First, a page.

Friday, July 11, 2008, 3:07 PM

Political GPS: New Semi-Annual Lobbying Report: Could There Be Changes Before July 30?

With less than three weeks to go, Congressional officials are considering changes to the semi-annual lobbying report - the guidance, the instructions, even the report itself - according to yesterday's BNA Money & Politics Report.

The semi-annual report must be filed by every organization that employs federal lobbyists and separately by each individual lobbyist.

Each report must include a Sarbanes-Oxley type certification, attesting to the organization's (or individual's) understanding of the Congressional ethics rules, and certifying that the organization (or individual filer) made no gift to a Member of Congress or staffer in violation of these rules. Moreover, the report must disclose certain political contributions, as well as previously undisclosed donations and payments related to lawmakers.

On June 30, just one month before the report has to be filed, Congressional officials released forms and instructions for filing that reportedly are the product of “months of work and testing,” according to BNA. Unfortunately, the new forms and guidance are frequently out of sync with the law and raise numerous questions. One of the biggest problems concerns the requirement that filers disclose payments for events that “honor or recognize” a covered official. Interpretive guidance from the ethics committees is breathtakingly broad, requiring filers to disclose the costs associated with every event at which a lawmaker spoke or whose mere attendance was announced in the invitation to the event.

Our July 9th webinar on the semi-annual report, addressing this and other issues, will soon be available on our website at www.wcsr.com/politicallaw.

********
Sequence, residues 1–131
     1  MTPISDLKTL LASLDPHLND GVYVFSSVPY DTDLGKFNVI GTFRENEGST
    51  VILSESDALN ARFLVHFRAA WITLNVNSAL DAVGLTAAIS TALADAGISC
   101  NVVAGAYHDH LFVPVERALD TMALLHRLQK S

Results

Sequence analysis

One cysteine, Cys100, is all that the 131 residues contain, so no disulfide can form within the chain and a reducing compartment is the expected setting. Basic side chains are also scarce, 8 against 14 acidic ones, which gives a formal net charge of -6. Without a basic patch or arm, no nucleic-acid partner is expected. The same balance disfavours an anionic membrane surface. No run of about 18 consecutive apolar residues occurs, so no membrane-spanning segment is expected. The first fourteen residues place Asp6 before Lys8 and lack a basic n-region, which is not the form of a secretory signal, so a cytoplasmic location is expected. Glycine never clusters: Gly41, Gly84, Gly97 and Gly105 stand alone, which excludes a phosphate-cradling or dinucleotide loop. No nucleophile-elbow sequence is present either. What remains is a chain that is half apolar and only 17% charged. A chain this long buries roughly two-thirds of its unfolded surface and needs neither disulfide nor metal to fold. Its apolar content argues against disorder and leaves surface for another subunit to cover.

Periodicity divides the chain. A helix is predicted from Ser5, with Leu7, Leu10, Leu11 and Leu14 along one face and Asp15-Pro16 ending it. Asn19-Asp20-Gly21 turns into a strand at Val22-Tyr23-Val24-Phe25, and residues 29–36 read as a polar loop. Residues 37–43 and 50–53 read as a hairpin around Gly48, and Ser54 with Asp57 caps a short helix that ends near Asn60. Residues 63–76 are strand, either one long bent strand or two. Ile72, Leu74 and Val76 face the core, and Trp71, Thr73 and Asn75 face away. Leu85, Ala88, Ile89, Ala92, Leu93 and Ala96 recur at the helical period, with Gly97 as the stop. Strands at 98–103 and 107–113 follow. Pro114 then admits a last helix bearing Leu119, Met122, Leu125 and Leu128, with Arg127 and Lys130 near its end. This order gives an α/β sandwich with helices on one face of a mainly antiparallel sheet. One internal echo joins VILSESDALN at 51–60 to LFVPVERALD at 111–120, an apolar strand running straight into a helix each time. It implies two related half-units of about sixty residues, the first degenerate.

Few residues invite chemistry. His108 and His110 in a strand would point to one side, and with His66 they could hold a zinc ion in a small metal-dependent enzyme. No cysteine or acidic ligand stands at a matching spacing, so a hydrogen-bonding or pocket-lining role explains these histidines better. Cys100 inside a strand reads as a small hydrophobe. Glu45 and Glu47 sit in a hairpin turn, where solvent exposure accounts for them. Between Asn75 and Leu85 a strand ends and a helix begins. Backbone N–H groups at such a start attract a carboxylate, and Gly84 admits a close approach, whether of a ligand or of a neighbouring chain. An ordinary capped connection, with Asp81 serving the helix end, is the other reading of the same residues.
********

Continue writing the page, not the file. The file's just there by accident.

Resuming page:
Back to Work . . . FEC Faces Many Issues
Suppose your boss told you to take a six-month vacation, but while you were gone no one did any of your work. What would you do first when you returned? Five new Commissioners at the Federal Election Commission are about to find out what that’s like. Since the waning days of 2007, the FEC has lacked a quorum while U.S. Senators wrangled over new appointments.
This week, five new Commissioners began work: Democrats Cynthia Bauerly and Steven Walther, and Republicans Donald McGahn, Caroline Hunter, and Matthew Petersen. They join holdover Democratic Commissioner Ellen Weintraub, who has served since 2002.

In addition to a backlog of enforcement matters and advisory opinion requests, here are just a few of the many matters needing attention:

  • Public Financing: The FEC must decide whether to certify public financing payments – approximately $85 million -- to Senator McCain for the general election. Senator Obama has announced he will forgo public financing.
  • Bundling regulations: The FEC is expected to complete action on rules to implement a key part of last year’s lobbying reform law. This law requires campaigns and leadership PACs to disclose “bundled” contributions received from lobbyists. And the law cannot take effect until rules are written by the FEC. With just a few months until the election, it seems unlikely that bundling rules will be in place this election cycle.
  • Hybrid Ads: The FEC is also slated to complete rules on the ability of candidates and political parties to split the cost of so-called “hybrid ads” – ads that mention a candidate, but generally refer to the candidate’s party. If permitted, publicly-funded presidential candidates (who cannot receive private contributions), could benefit from ads whose costs are partially paid for by the party.
  • Coordination: The District of Columbia Court of Appeals recently struck down key parts of the FEC’s regulations regarding coordination between campaigns and independent groups. The FEC has to decide whether to pursue the matter further in the courts or re-write its regulations.
  • Millionaire’s Amendment: In addition, the Supreme Court struck down the “Millionaire’s Amendment,” which provides for increased contribution limits for candidates facing opponents who pour significant personal funds into their campaigns. Left up in the air is the ability of campaigns to use funds that were raised under the higher limits, but have not yet been spent.

So much for August at the beach for the Commissioners.

If you have any questions or would like more information, please feel free to contact Larry (LNorton@wcsr.com, (202) 857-4429) or Jim (JKahl@wcsr.com, (202) 857-4417).

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